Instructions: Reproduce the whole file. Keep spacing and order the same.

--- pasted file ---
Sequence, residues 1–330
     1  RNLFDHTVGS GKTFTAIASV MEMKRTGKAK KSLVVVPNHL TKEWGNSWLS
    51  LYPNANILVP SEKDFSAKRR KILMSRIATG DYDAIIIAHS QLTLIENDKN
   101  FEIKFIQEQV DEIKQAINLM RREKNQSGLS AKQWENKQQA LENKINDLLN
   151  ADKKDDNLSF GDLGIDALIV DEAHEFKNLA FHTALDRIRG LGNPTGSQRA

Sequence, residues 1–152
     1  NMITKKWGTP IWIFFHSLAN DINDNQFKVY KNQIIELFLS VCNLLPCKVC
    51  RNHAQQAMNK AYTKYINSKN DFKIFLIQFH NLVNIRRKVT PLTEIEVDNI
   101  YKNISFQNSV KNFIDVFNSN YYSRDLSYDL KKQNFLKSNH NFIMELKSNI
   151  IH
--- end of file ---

Sequence, residues 1–330
     1  RNLFDHTVGS GKTFTAIASV MEMKRTGKAK KSLVVVPNHL TKEWGNSWLS
    51  LYPNANILVP SEKDFSAKRR KILMSRIATG DYDAIIIAHS QLTLIENDKN
   101  FEIKFIQEQV DEIKQAINLM RREKNQSGLS AKQWENKQQA LENKINDLLN
   151  ADKKDDNLSF GDLGIDALIV DEAHEFKNLA FHTALDRIRG LGNPTGSQRA

Sequence, residues 1–152
     1  NMITKKWGTP IWIFFHSLAN DINDNQFKVY KNQIIELFLS VCNLLPCKVC
    51  RNHAQQAMNK AYTKYINSKN DFKIFLIQFH NLVNIRRKVT PLTEIEVDNI
   101  YKNISFQNSV KNFIDVFNSN YYSRDLSYDL KKQNFLKSNH NFIMELKSNI
   151  IH